Lucy Bronze: 'There’s always a small part of me that needs to prove myself'

“My aim is never to win the best awards but I obviously want to be the best,” Lucy Bronze says. “I don’t care about being known as the best, I don’t care about the title, but I want to be the best at what I do.”

The England right-back, crowned as Fifa’s The Best women’s player of the year on Thursday, is not your standard award winner. The 29-year-old is only the second defender awarded one of Fifa’s top prizes, after Fabio Cannavaro.

She is not a Marta, Megan Rapinoe or Mia Hamm – players who score for fun and and ooze skill and technical ability. Bronze is technically astute but more notably she is a battler. Tough by name (her middle name and mum’s maiden name) and tough by nature.

The young Bronze “probably would have laughed” if you told her she would end up as the best player in the world, but she would also have quipped, “I know I’m going to be good”, with all the confidence and belief that is one of her most powerful characteristics.

“I’ve always had it running through me, it’s just been built into me, competing with my brother and sister from such a young age, always trying to be better than them, always trying to be confident in myself; I know what a difference that makes,” she says, seated in Manchester City’s academy stadium, having had an 8am start and training, the glamour of the online awards ceremony well and truly over.

“Sometimes I’ve maybe strived for goals that I’m thinking deep down, ‘This isn’t possible’, but I’m going to go for it, I’m going to believe in myself and try and get myself to the top.”

It is that drive, coupled with physicality and grit, that has taken the pacy full-back into the elite alongside players she admired growing up. “Alongside Marta? That’s crazy,” she says with a laugh.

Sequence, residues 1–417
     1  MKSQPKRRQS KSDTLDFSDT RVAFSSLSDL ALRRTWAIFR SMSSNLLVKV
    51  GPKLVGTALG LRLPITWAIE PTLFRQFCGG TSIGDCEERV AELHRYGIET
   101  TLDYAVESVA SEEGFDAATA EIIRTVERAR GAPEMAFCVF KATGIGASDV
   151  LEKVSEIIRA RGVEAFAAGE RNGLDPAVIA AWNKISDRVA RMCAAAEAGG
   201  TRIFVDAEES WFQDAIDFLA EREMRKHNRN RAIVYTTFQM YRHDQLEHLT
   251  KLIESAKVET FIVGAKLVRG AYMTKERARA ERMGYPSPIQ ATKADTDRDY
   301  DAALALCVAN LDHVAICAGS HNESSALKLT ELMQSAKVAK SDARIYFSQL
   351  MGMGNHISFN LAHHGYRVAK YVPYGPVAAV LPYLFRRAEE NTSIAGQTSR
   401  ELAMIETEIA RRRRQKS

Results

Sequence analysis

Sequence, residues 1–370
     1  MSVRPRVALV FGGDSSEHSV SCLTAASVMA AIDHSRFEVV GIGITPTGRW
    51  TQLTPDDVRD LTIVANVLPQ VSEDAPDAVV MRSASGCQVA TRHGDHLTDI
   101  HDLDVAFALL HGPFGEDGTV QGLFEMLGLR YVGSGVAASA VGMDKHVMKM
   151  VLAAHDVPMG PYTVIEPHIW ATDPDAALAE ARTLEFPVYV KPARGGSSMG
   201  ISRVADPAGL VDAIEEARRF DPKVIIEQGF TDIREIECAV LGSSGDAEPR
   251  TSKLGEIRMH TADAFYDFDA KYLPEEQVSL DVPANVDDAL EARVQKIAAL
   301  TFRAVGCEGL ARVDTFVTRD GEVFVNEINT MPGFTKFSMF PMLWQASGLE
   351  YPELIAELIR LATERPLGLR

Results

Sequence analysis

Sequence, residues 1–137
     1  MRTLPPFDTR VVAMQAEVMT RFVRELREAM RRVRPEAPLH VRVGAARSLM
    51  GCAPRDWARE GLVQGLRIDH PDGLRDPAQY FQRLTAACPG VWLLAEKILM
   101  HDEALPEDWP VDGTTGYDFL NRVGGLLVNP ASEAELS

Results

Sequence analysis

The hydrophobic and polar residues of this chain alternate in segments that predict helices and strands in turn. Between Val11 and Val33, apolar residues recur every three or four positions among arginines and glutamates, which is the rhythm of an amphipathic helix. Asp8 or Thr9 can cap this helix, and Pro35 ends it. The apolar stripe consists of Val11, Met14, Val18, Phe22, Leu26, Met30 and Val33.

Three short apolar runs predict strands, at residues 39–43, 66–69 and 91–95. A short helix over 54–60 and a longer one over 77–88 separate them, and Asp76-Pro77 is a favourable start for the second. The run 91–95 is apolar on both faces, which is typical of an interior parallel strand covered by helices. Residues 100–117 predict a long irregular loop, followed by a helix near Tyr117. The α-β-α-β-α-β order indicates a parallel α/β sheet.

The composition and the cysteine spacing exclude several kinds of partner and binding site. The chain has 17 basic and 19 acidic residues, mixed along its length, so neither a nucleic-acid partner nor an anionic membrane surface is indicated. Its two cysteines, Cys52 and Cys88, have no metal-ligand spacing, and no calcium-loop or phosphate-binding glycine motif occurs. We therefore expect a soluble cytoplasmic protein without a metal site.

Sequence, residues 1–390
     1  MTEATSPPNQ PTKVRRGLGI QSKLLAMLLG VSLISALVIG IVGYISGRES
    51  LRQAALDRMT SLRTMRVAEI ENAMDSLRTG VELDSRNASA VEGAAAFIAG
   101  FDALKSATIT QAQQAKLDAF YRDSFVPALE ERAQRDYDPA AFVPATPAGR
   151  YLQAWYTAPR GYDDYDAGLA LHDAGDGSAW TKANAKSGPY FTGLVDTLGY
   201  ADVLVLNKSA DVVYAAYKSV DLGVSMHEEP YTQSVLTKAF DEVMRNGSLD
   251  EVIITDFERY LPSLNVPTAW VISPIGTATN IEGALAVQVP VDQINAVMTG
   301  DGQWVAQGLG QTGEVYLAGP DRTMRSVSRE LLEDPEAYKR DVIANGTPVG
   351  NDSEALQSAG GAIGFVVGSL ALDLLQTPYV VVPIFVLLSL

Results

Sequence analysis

That drive has been critical in forcing her out of her comfort zone, taking her from Berwick-upon-Tweed to Sunderland’s academy and first team, the University of North Carolina (which churns out World Cup winners like a factory production line), Everton, back-to-back league titles with Liverpool, domestic trophies at Manchester City and three Champions League titles with Lyon. Now, she is back at City, not for comfort, but driven by unfinished business, a desire to win Europe’s premier prize with an English side and have success with England.

Lucy Bronze wins her award

Lucy Bronze is named best player in the world by Fifa’s Fatma Samoura. ‘I’m more proud of the people I’m representing when I win these awards,’ says Bronze. Photograph: Valeriano Di Domenico/AP

“I have always been that person who wanted to be challenged, wanted to push, always got the next thing in mind, wanting to do something different or prove myself,” Bronze says. “There’s always a small part of me that needs to prove myself. I don’t even know who I am doing it to, but there’s just something inside of me to do it every single game, keep shaking it up, keep doing something different to keep myself on my toes.”

This year has been difficult for everyone. Bronze is the first to say her form has been hampered by injury: “I got hit with an injury that I’ve been struggling with the entire time I’ve been back home, but I’m kind of getting my feet back on the ground now.

“I don’t feel like I’ve been in my best form yet. I’ve not had my best game in a City shirt, I know that for sure. I’m just excited that I’ve got that to come for me after Christmas.”

In a year of uncertainty for all players, this award feels like a reward for more than form in a set time frame. “For me [it] is more an accumulation of successes I’ve had over two, three, four years,” Bronze says.

Alongside the confidence and swagger on the pitch exists a much more unassuming and limelight-dodging person off it. As Bronze’s star has shone brighter she has been forced somewhat to embrace being a role model but is “more proud of the people I’m representing when I win these awards and when I get nominated” than of the awards themselves.

“This is really not good but all my trophies are still in boxes,” she says, laughing again. “I don’t want to be that person that’s showing off – that’s not my style. I like winning them but then they go in the cupboard and that’s that.”

Has being the best player in the world sunk in? “I still don’t have my hands on the trophy,” she says. “So until I get that and I see my name engraved on it I probably won’t believe it.”

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When she does get her hands on it, someone else has laid claim, her brother Jorge, whose birthday was on the day of the announcement.

“He texted me straight afterwards and was like: ‘Brilliant birthday present. You’ll have to give that trophy to me now and I can put it on the mantlepiece in my new house.’ I was like: ‘You can have it because I always keep putting them in the cupboard, so if you want to put that out on yourself you’re more than welcome to it.’”